grain

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GRAIN, weight. The twenty-fourth part of a pennyweight.
     2. For scientific purposes the grain only is used, and sets of weights are constructed in decimal progression, from 10,000 grains downward to one hundredth of a grain.

GRAIN, corn. It signifies wheat, rye, barley, or other corn sown in the ground In Pennsylvania, a tenant for a certain term is entitled to the way- going crop. 5 inn. 289, 258; 2 Binn. 487; 2 Serg. & Rawle, 14.

References in periodicals archive ?
Kieran O'Neill was the only jockey to go against the grain and The Wee Chief scooted up the far rail to finish half a length in front of Picansort.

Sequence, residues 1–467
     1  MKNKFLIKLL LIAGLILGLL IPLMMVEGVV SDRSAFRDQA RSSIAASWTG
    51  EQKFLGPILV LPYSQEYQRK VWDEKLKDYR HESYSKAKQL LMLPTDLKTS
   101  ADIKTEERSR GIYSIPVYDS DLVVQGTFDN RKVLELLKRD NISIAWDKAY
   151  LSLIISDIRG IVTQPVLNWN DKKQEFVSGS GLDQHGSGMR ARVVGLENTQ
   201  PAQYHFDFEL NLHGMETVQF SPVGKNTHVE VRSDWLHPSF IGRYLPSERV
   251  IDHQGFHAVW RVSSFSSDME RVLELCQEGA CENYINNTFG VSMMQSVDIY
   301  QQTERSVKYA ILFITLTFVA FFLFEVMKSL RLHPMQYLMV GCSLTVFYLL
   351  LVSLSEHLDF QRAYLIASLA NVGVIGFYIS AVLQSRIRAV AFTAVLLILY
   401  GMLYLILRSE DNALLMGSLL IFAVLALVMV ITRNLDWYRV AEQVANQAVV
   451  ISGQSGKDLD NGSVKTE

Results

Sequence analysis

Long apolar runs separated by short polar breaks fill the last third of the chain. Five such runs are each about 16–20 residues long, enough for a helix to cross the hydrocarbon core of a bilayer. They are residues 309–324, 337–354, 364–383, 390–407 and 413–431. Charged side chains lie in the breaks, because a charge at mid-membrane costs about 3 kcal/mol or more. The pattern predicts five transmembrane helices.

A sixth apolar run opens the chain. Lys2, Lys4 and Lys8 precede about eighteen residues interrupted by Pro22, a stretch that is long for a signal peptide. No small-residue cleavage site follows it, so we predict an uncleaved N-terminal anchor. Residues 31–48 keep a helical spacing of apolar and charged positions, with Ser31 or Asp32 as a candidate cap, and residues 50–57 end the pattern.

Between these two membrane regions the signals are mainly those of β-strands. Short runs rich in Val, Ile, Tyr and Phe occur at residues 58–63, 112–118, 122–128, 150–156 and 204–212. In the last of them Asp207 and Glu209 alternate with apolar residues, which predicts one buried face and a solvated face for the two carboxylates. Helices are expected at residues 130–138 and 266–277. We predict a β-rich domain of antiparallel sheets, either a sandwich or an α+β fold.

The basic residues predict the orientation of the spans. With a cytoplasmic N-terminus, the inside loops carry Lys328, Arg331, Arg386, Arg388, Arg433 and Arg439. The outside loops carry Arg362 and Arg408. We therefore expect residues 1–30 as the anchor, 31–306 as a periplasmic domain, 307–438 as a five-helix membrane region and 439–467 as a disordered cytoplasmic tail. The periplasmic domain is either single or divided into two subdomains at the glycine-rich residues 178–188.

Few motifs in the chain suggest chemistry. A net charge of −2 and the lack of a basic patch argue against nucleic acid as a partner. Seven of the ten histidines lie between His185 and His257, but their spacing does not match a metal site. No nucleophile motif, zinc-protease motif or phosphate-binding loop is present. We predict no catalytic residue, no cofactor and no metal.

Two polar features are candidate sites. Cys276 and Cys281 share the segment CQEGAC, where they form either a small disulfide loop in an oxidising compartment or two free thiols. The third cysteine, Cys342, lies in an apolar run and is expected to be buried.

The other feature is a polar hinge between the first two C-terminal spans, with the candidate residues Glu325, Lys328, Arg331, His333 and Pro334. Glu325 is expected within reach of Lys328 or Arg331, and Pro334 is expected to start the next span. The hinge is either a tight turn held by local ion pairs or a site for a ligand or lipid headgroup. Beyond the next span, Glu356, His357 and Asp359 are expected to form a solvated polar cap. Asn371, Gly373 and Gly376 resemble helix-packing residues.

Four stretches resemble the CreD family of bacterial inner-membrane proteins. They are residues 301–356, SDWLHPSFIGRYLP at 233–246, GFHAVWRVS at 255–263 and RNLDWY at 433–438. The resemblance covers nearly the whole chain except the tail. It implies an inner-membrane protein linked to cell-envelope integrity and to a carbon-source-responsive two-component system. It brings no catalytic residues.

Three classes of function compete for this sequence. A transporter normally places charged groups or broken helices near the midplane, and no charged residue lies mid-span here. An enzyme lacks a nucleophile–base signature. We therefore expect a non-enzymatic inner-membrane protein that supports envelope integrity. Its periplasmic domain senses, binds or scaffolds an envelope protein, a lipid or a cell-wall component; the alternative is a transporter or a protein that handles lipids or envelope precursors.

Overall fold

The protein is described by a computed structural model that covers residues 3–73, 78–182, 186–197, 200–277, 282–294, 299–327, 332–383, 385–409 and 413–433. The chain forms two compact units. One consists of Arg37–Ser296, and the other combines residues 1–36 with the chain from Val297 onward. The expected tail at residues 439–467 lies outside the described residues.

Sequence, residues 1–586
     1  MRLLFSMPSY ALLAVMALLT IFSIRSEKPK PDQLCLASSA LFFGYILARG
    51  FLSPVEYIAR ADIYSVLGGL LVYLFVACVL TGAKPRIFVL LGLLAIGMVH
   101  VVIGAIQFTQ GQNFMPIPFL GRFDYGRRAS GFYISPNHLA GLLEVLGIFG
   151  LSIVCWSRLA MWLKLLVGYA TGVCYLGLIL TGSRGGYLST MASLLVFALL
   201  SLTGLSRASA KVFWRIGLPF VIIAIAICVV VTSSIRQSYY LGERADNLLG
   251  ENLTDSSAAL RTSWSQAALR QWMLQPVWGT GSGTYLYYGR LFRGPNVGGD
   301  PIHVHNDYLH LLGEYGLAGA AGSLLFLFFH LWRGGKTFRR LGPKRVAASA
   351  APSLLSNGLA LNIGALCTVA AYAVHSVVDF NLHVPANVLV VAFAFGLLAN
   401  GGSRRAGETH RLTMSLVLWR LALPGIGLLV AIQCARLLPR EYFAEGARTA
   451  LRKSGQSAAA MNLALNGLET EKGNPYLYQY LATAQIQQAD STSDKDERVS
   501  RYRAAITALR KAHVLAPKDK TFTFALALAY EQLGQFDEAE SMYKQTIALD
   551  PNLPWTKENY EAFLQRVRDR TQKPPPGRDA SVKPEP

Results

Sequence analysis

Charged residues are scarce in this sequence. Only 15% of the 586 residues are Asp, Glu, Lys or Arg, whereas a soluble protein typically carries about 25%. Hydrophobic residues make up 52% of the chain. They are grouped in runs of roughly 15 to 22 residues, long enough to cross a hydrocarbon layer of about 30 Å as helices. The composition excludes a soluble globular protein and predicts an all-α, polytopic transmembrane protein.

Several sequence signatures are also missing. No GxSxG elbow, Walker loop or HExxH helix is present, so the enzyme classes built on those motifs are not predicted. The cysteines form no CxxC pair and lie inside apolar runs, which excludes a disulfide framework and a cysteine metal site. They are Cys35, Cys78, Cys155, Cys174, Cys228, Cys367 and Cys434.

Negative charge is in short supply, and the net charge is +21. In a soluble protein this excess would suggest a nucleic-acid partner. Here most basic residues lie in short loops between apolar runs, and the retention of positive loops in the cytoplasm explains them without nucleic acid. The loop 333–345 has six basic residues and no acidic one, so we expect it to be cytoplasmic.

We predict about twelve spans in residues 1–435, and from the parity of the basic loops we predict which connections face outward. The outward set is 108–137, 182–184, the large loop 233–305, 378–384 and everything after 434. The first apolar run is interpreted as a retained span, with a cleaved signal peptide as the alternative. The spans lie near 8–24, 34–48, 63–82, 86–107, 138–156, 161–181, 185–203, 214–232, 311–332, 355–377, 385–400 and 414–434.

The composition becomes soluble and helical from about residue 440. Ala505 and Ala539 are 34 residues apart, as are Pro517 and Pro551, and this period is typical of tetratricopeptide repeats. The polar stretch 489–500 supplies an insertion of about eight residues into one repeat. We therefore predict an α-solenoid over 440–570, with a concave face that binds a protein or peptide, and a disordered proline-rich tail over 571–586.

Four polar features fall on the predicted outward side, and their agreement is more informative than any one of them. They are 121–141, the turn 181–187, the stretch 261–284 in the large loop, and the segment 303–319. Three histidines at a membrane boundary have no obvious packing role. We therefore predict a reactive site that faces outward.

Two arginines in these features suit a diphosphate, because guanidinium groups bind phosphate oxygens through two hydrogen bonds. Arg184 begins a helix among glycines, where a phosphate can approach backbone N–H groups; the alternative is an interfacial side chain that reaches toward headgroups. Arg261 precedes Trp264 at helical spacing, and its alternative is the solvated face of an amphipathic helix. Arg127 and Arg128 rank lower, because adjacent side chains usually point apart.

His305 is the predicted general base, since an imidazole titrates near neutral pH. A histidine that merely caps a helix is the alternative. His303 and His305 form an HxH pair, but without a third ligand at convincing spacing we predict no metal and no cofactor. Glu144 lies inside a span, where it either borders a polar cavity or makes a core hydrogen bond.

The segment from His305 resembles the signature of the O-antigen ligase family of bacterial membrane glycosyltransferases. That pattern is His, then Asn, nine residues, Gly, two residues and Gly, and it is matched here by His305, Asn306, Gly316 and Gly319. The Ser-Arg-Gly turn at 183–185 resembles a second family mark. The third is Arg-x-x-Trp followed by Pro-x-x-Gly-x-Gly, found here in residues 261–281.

It goes against the grain of English sport but it doesn't go against the grain of American sport, where you can get scenarios where New York teams can move to San Francisco.
Because of your need for balance and fairness this can go against the grain.
AS FAR as business ventures go, deciding to start-up your own furniture making firm during what some are calling the worst recession since the 1930s may go against the grain.
Lopez-Calvo's interpretations often go against the grain of earlier research, refusing to conceive of Cuban identity either in terms of a bipolar black-white opposition or an idyllic and harmonious process of miscegenation.
His marketing push, called "We All Walk in Different Shoes," features those who go against the grain, like Log Cabin Republicans president Patrick Sammon (above, right) and the Tessler family--Joanna and Nicoletta, who've gone to Vermont for a civil union, and their daughter, Ruthie.